Senator McLachlan - Does the honorable senator call road making a parochial matter.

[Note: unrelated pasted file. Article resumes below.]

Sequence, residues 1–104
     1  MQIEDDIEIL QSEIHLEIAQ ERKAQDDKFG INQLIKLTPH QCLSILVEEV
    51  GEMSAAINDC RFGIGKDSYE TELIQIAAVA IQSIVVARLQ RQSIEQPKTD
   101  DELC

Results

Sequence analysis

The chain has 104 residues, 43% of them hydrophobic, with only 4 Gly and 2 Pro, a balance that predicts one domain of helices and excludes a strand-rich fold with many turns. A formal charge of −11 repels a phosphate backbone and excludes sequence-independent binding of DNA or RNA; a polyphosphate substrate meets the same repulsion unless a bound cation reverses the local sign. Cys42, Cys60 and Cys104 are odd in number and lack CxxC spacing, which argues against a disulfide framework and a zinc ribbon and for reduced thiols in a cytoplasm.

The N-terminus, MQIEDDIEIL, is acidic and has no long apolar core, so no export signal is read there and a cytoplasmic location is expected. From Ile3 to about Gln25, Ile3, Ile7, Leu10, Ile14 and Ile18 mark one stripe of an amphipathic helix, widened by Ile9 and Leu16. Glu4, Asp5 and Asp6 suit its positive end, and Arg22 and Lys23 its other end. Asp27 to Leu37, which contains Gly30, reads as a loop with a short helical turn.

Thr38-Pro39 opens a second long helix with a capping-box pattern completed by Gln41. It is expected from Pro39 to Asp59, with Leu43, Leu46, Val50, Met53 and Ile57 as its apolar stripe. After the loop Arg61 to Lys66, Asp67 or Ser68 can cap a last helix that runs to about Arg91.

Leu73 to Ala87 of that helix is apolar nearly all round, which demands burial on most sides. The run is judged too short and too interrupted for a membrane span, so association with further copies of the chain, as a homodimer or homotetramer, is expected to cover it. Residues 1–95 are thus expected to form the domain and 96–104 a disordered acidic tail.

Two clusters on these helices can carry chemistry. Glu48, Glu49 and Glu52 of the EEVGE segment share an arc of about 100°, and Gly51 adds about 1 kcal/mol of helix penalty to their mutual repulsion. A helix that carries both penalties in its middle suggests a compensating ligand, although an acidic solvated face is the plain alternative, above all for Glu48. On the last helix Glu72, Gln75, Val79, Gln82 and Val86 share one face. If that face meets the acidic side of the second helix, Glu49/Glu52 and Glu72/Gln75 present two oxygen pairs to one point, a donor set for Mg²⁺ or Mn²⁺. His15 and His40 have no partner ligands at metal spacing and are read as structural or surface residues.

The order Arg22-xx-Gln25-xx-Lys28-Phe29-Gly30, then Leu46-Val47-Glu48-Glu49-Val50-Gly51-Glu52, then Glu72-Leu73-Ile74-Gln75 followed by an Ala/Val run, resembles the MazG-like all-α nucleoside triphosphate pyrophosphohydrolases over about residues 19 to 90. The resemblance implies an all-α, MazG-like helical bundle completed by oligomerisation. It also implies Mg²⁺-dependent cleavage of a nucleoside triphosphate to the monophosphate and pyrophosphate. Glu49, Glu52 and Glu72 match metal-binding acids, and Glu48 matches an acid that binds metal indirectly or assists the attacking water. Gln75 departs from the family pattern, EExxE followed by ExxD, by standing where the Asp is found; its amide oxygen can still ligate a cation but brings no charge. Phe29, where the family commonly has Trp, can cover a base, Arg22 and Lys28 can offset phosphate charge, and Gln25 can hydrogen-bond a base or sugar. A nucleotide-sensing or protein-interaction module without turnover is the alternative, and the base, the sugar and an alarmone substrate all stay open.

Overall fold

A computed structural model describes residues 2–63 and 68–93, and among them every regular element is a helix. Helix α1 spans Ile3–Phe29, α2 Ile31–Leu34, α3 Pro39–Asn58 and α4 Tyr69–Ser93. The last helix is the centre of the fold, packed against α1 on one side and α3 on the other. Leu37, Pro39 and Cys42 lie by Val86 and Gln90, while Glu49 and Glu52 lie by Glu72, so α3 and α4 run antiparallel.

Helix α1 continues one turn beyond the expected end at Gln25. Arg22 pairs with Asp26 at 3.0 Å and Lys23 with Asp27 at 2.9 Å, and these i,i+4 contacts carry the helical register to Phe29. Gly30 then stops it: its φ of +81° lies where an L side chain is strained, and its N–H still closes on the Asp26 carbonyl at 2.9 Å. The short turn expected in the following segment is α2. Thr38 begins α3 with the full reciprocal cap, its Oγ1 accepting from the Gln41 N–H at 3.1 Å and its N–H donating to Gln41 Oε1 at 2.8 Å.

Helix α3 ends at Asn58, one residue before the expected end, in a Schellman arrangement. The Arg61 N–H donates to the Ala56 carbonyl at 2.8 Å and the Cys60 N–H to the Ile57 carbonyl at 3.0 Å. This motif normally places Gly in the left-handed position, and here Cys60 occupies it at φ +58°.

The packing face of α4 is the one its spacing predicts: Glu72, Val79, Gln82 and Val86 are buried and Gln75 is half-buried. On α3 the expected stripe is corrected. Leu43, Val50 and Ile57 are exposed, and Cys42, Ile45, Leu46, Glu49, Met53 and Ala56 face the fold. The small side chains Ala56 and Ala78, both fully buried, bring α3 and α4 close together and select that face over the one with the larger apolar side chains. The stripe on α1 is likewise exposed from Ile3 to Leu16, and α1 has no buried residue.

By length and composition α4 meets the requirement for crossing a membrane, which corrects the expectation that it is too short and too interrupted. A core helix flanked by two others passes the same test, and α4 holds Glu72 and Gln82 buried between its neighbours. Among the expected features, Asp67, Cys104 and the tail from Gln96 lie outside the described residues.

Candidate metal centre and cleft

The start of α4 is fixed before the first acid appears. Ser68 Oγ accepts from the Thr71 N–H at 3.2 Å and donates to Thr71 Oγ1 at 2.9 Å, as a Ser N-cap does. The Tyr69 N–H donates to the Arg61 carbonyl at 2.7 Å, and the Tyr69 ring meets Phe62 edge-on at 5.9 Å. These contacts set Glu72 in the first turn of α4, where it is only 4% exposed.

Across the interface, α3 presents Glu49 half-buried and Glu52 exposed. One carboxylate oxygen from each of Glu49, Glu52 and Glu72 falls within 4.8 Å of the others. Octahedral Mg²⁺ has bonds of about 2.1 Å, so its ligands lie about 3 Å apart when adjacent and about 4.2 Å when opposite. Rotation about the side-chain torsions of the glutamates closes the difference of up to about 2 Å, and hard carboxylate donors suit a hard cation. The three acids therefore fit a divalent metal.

Senator REID - No. I am commenting on the parochial stand-point taken up by some protectionists. Because Senator Needham has been overwhelmed by correspondence from Western Australia to do a' certain thing, he has set out to do it. That is approaching the consideration of the tariff from a parochial stand-point. I know that the local governing bodies in the States, like every one else who is pinched by the tariff, are quite keen in their effort to have the duty on roadmaking machines reduced. When considering Customs duties one cannot be logical or consistent. One must use common sense, and go ahead despite the consequence. In Queensland I am quite willing to stand the consequence if the proposed duty leads to an increase in the price of road-making machinery. But I do not think it will retard road-making. If I thought it would, I should vote to admit road-making machinery free, because one can hardly realize how great a part road-making plays in the development of Australia; but I cannot see how an extra 7½ per cent, duty will retard it. The principal cost is in the construction material used, metal and cement, and the labour employed. The machinery used lasts for years. An extra 7$ per cent, on a machine that will last for twenty years is not worth worrying about in calculating the cost of making a road. No State is so far behind in road development as Queensland, but I can support the Minister with a clear conscience. I shall vote against Senator Needham's amendment because I do not think that even if the duty were reduced as he suggests it would make any difference to the development of the Commonwealth by road construction. I regret that gentle pressure has been brought to bear on the protectionist Leader of the Labour party in the Senate to induce him to ask for a reduction of the duties as recommended by the Tariff Board, after hearing all the evidence. Road-making machinery is being made in Australia, and is steadily being improved. With the competition of the twenty firms already in existence the price is likely to be reduced. I see no reason why we should not allow the inventive genius of Australians to be applied to the manufacture of improved machinery which will lead, not only to the speedier development of the Commonwealth, but also to a reduction in price.